The Punt: Secret trio of US philanthropists revealed
STATESIDE, it has just been revealed that a trio of hedge fund managers have secretly been donating one of the largest pools of philanthropic capital ever seen. An investigation by Bloomberg found that US hedge funders Andrew Shechtel, David Gelbaum and C Frederick Taylor – the co-founders of low-profile investment firm TGS Management – have anonymously donated an astonishing $13bn to charity.
To avoid the deity-like fuss that surrounds billionaire philanthropists – Bill Gates comes to mind – they went to great lengths to mask their support of human rights, the environment and disease research, using a web of trusts and lawyers to hide their names.
Just think if a similar scheme was unveiled on Irish soil! Who would be the most likely candidates, The Punt wonders? Has Bank of Ireland chief executive Richie Boucher been secretly funding free mortgage advice services? Has Paddy Power chief executive Patrick Kennedy been helping out online gambling rehabilitation programmes? Has Facebook Ireland director Sonia Flynn been funding internet privacy research?
Pfizer bosses to face grilling
IT WILL be a very different day at the office for the bigwigs at Pfizer when they are hauled before British lawmakers for wanting to take over drug-maker AstraZeneca.
Scottish-born chief executive Ian Read and AstraZeneca's French CEO Pascal Soriot will be among the figures grilled live on the internet tomorrow by the UK Parliament's science and technology select committee.
But poor old Pfizer are getting it from both sides – with US politicians accusing the multinational of wanting to move its legal address to the UK for a lower tax rate while keeping its head office in New York.
One of its top executives took an unusual, if not unprecedented step, of penning an article in the 'London Evening Standard' in defence.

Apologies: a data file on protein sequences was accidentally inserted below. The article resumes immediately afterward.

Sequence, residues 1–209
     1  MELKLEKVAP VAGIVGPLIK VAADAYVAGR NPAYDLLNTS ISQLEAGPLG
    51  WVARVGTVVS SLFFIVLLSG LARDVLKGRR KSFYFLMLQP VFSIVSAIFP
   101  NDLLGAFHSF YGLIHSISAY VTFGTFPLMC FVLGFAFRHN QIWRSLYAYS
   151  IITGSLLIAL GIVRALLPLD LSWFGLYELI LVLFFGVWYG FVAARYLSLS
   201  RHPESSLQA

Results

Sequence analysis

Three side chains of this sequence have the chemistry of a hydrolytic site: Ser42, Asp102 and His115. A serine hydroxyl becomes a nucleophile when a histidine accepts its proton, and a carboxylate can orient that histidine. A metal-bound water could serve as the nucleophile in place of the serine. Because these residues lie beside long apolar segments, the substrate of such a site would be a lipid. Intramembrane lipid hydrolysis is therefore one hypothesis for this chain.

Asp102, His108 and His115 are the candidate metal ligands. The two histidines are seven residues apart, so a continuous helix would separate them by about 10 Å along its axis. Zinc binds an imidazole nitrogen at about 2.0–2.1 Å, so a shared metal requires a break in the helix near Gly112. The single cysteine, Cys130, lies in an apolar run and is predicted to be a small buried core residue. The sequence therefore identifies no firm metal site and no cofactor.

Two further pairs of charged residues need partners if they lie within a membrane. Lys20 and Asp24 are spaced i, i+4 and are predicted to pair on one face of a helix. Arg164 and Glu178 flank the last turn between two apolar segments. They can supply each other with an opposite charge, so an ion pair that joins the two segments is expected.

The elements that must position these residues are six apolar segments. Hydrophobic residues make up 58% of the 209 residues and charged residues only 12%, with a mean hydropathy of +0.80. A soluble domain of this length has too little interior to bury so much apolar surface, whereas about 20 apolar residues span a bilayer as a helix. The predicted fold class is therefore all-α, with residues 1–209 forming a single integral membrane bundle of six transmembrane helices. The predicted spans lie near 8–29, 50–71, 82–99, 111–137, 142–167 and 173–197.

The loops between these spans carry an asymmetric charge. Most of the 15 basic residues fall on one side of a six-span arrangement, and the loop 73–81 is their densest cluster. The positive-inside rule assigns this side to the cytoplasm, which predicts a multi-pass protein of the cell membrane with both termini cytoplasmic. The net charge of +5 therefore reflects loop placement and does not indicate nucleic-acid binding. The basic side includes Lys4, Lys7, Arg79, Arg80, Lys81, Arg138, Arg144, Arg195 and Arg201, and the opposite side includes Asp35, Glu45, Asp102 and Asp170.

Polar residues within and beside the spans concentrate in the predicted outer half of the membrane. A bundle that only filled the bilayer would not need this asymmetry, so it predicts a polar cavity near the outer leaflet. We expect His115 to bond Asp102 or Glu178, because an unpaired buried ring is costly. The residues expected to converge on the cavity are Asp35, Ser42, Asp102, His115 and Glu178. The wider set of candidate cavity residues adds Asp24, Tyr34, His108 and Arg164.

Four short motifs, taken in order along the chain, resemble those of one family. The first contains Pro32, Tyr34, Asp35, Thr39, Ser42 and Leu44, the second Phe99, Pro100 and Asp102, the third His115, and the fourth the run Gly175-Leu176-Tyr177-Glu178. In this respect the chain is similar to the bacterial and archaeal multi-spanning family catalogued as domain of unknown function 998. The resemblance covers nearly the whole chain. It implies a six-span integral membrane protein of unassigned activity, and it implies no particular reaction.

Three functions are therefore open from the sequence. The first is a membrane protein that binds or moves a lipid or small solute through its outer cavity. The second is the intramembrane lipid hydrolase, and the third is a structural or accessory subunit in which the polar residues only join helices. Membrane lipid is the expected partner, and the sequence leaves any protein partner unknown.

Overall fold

"Appearing before a committee of MPs is certainly a first for me, but I'm actually really excited to have the opportunity to explain why I think a Pfizer-AstraZeneca combination would benefit patients around the world and strengthen the UK's life sciences industry," wrote Mikael Dolsten, Pfizer president of worldwide R&D. Pfizer has vowed to put a fifth of its research staff in Britain if the proposal is passed.
Let's hope that's not bad news for its 3,200 workforce in Ireland.
AIB 'slap' for shareholders
AIB pinned an interesting little note to the end of its lengthy interim management statement (IMS) yesterday.
The note was a reference to the insanely high price of AIB shares and all but slaps deluded investors on the face and tells them to cop themselves on.
"Based on the number of shares currently in issue and the closing share price of Friday, 9 May 2014, AIB trades on a valuation multiple of c.8x* 31 December 2013 Net Asset Value (NAV). The bank notes that the median for comparable European banks is c.1x NAV," the statement said.
The crazily high valuations implied by the AIB share price – remember only a fraction of 1pc of shares aren't in state hands anyway – have prompted the 'Financial Times' to dub it an "eejit" trade. AIB's David Duffy, below, told us yesterday that there is actually very little he and the bank can do without overstepping the line into interfering with the market.
"What we do is keep reporting the facts," he said. The reality is that trading in the shares will remain dysfunctional until there is a large enough free float to allow for decent liquidity which should lead to more rational valuations.
Meantime, as temptation grows to see the ever lower yields on Government bonds as evidence of "Crisis Over", the AIB shares are a gentle reminder that markets don't always get it right.